Judge Finds Wilbros in Contempt
A judge finds Wilbros in contempt after a two-day hearing in Stephens County Superior Court.
On Tuesday, Judge Robert Adamson found Wilbros and the other defendants in a civil suit filed by Stephens County and other plaintiffs in contempt of the various Georgia Environmental Protection Division orders and by extension the judge’s court order of December 10, 2012, Plaintiff’s Attorney Don Stack said.
As a result, Judge Adamson issued a purge order that says the Wilbros facility in Stephens County is in contempt until such time as they can demonstrate they are not in contempt and is requiring the immediate cessation of activities that will create malodors at a distance of more than 1000 feet, Stack said.
According to Stack, the judge will establish a compliance mechanism to ensure his order is followed and that the odors stop.
That compliance mechanism will be set up within the next 15 days, said Stack.
“We are obvious really pleased with the results,” said Stack. “I think he (Judge Adamson) recognizes the EPD, like the community, has run out of patience.”
Testimony and arguments concluded late Tuesday afternoon.
Tuesday’s testimony included Wilbros’ owner Joe Wilbanks, who took the stand for more than three hours Tuesday.
In his testimony, Wilbanks contested the allegations made by StephensCounty and the other plaintiffs that he has not followed the EPD and court orders.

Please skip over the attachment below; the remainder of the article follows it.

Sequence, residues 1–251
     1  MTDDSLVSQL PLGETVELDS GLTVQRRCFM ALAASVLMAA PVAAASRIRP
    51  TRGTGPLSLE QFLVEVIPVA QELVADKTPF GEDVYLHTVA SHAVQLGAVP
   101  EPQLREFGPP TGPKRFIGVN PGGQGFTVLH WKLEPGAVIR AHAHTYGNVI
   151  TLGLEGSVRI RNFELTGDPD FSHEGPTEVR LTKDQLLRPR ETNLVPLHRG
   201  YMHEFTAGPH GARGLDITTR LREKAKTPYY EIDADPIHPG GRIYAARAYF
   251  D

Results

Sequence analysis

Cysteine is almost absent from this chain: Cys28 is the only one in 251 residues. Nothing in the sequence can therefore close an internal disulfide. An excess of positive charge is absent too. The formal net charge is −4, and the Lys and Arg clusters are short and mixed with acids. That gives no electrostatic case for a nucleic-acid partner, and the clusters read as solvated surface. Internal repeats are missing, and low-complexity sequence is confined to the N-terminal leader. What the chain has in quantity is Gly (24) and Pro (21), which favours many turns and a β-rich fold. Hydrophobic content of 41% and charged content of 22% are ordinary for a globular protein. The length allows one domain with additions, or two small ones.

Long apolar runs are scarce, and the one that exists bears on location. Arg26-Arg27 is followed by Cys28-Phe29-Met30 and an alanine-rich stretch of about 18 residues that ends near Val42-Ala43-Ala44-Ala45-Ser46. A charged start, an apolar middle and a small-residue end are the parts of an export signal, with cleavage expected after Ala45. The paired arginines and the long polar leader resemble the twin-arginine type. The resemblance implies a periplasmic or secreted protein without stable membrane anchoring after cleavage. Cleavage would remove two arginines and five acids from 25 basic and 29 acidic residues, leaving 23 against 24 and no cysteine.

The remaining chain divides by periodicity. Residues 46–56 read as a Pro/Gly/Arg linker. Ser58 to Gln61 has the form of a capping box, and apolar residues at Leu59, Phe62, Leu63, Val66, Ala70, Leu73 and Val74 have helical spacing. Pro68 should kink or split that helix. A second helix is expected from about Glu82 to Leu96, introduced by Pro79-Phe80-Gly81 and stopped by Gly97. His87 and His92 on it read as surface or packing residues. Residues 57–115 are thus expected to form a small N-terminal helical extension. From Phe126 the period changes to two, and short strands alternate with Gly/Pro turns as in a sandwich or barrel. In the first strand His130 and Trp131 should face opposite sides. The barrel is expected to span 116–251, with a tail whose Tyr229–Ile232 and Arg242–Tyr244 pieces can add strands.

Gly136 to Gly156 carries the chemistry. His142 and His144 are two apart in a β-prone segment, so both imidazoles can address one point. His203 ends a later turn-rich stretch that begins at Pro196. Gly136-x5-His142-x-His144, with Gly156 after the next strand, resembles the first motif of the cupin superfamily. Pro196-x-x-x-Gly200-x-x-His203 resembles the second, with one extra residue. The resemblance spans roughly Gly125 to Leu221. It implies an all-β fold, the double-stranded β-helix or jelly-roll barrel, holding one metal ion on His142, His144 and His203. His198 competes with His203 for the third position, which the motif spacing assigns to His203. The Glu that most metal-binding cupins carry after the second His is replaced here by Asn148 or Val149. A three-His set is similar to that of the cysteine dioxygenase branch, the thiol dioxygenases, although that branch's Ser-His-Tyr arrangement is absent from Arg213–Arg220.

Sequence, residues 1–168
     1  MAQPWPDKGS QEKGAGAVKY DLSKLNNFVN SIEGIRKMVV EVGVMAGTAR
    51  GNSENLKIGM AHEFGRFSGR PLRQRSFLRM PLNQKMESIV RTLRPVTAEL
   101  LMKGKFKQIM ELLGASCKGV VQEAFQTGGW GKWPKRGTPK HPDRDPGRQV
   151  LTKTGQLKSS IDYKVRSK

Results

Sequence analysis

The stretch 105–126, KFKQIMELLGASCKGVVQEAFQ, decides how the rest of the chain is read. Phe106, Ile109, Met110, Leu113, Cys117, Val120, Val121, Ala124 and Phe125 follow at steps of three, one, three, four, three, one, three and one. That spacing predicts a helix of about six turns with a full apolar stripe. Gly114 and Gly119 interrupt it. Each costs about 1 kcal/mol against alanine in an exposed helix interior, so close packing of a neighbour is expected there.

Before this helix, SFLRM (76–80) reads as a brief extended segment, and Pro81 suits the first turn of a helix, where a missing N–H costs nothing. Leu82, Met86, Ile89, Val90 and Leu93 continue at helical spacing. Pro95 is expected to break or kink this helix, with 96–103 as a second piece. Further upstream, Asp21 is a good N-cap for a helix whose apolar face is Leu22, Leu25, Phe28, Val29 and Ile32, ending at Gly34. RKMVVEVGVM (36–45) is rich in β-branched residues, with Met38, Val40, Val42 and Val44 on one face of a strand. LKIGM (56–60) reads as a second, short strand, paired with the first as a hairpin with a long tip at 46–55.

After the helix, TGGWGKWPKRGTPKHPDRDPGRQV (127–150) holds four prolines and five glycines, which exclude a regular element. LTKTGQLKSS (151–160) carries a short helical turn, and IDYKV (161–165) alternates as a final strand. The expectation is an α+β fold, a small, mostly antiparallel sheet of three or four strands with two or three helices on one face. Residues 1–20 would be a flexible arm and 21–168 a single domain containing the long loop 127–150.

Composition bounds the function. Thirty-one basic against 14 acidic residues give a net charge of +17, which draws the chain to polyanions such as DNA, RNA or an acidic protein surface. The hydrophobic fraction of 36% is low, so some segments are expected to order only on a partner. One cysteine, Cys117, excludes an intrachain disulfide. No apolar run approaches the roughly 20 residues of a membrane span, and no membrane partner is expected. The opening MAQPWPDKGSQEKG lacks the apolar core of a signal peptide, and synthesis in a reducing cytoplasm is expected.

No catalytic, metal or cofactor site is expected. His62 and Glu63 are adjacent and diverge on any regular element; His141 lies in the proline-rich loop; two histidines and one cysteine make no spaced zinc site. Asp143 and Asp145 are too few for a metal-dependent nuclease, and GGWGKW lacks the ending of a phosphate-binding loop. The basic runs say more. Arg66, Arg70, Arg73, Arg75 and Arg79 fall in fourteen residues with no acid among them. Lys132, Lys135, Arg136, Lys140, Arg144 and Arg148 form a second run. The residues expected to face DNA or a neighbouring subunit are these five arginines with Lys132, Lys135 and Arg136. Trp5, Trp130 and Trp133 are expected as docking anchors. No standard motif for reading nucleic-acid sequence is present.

Wilbanks said he has provided all information requested by court-appointed and University of Georgia composting expert Dr. K.C. Das regarding Wilbros’ composting operation and argued that the Georgia Environmental Protection is wrong in its assertions of numerous permit violations listed in an October 2013 notice of violations.
He also said that Wilbros emitted malodors on only two occasions, both in 2012.
When asked if the EPD and citizens were wrong when making complaints about the odors from his Rose Lane facility, Wilbanks said he believed they were wrong.
The hearing started Monday.
During testimony on Monday, Dr. Das testified that based on his concerns regarding Wilbros’ composting operation, the potential for producing odor was “pretty significant.”
Also, numerous Georgia EPD officials testified about Wilbros’ alleged violations of their EPD permits for both wastewater treatment and solid waste handling.
In opening statements Monday, Stack said Wilbros had violated previous court and Environmental Protection Division orders by not increasing its carbon to nitrogen ratio, sending raw waste materials directly to the wastewater treatment pond without processing, having non-functioning equipment in some cases, having too much moisture in the compost piles, and continuing a repeated pattern of misinformation and inconsistent information.
However, Wilbros’ attorney Steven Gilliam disputed Stack’s allegations and said Wilbros had done what it has been ordered to do and met all necessary requirements.